Hello, everybody. Welcome back. Um, we've taken quite a leap forward, uh, up until this point with this lynching lab, we really have knocked out some very key pillars of consciousness, building and core components of this launching lab, which include your perfect client model, a lead magnet. As well as now a landing page for said lead magnet.
So we are really humming along now. So to give you a reminder of where we at, where we are at, I should say, um, we have the three stages of growth with list building, as we've talked about many, many times and early on, we obviously covered your BFFs. Um, with that initial sort of generic newsletter signup landing page.
Um, and now we're really working, um, especially with our landing page. Perfect client model. And lead magnet. We're really targeting these other two areas of list growth stages of growth, your friends, and then also beginning to dabble into expanding into new people. Hence why it's important to create compelling landing pages to speaks to your perfect client model.
To expand to new audiences. So we really have covered a lot of great stuff. As I said, all of these things on this list, you have checked off, which is wonderful. So you may be thinking, okay, it's time to start putting a marketing funnel together. Meaning maybe you. Um, start writing nurture sequence emails so that people that sign up for your lead magnet on your landing page, start getting, um, set emails.
You know, a nurture sequence is usually three or five or whatever, many emails in a row leading up to some type of offer. Or at the very least a qualifying offer of some kind of webinar or something, or a free coaching call, uh, something like that. So the thing with funnels, this is just a sort of sample one that I have a thousand people go in.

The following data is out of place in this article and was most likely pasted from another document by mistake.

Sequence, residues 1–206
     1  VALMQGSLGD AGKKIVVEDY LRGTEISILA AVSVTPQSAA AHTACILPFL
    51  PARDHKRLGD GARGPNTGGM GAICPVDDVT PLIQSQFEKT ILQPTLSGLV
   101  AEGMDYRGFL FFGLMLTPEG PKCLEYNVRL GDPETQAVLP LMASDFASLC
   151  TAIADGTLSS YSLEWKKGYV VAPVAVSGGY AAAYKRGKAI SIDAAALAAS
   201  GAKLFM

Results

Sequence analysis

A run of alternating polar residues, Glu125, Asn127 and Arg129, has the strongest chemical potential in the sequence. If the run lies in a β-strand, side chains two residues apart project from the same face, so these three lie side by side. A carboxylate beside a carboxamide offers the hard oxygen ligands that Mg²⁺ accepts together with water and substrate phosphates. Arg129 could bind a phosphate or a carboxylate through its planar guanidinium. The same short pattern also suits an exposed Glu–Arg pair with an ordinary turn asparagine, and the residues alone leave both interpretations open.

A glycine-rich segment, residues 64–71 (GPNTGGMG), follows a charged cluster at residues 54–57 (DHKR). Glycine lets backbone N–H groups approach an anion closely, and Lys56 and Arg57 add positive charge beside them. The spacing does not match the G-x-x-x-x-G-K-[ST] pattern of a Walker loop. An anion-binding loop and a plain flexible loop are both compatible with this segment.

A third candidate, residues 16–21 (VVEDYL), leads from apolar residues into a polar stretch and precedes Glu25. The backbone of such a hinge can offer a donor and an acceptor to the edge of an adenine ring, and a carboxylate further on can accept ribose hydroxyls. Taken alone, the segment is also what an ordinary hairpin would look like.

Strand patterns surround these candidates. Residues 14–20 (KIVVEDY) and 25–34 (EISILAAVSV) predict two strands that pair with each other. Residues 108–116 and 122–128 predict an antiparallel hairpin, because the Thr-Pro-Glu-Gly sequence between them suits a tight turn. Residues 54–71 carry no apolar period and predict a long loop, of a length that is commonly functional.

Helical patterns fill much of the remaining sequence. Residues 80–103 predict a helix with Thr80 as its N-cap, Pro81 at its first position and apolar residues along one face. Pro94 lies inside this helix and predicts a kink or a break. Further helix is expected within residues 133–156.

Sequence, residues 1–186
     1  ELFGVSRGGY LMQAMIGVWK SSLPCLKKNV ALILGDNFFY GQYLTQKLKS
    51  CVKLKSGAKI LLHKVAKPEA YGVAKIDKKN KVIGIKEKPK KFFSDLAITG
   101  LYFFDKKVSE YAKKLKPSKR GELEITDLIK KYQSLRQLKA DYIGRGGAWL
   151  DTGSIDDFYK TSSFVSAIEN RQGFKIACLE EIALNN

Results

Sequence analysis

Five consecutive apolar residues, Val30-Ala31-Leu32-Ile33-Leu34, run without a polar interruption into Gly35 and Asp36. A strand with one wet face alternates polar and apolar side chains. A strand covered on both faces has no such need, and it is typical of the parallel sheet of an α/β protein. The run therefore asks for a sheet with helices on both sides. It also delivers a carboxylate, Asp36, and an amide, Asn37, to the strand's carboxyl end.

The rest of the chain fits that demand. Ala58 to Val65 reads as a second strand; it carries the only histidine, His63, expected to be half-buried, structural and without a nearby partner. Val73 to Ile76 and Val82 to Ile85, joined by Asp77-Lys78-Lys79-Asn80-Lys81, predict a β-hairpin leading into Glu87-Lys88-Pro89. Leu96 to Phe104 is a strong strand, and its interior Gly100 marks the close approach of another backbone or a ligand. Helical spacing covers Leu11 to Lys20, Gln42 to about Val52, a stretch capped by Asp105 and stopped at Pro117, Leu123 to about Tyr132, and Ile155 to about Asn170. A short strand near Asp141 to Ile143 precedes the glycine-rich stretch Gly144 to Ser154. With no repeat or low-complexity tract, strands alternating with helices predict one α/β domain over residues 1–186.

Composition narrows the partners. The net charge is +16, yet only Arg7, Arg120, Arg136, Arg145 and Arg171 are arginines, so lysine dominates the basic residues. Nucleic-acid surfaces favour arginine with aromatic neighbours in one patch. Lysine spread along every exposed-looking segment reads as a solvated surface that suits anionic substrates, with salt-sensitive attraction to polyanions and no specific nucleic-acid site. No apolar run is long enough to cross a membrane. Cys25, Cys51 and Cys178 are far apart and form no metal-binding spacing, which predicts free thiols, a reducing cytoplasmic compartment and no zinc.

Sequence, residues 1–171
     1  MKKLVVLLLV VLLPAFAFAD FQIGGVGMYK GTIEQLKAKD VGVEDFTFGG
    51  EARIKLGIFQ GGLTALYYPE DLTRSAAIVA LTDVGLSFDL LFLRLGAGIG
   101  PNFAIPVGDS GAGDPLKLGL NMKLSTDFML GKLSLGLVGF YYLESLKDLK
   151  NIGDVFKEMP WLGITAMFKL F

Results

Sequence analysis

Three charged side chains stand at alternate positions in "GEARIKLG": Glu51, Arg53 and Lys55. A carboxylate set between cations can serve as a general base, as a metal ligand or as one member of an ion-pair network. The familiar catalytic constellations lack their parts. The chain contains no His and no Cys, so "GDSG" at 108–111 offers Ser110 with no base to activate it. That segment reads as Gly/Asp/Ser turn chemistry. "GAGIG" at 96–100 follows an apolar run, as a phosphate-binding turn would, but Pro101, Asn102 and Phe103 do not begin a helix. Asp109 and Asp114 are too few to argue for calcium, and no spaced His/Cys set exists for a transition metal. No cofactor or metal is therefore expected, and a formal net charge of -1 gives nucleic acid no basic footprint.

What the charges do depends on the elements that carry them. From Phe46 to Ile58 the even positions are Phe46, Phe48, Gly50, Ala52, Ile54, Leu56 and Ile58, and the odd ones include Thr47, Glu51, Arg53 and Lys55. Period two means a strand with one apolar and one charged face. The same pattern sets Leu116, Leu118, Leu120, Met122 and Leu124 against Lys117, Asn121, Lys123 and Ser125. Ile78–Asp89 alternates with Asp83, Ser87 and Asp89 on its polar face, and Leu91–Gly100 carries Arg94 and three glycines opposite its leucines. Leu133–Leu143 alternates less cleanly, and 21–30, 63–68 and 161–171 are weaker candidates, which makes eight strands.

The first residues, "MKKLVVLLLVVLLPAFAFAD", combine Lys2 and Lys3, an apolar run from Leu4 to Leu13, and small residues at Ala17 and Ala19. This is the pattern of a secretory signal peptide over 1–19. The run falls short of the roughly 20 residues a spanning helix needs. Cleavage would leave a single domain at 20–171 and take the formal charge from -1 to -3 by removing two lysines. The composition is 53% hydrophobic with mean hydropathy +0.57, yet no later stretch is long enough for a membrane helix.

There's various conversion points along the funnel. And then at the end, a relatively low amount come out versus where we started with. However, those are obviously the people that would be buying your stuff. So, um, this would be a successful funnel, however, What I'm going to tell you might disappoint you, but don't worry.
Um, we'll work through it. I want you to forget about funnels for now. Obviously marketing funnels are huge. It's probably one of the things you've heard of a lot as if you know, a buzzword of sorts. They really are powerful. They really are great. Um, but the truth is, is that they really, very much rely on, um, Quantity of people, right?
So this is the one, my example, before very healthy funnel, 1,040 out the back. Very good, very most likely sustainable. Um, however, if you change the numbers to something maybe more realistic when you're first starting out something like 10 people coming in, obviously a funnel degrades very quickly. And that's because funnels really do depend on volume in order to really function properly.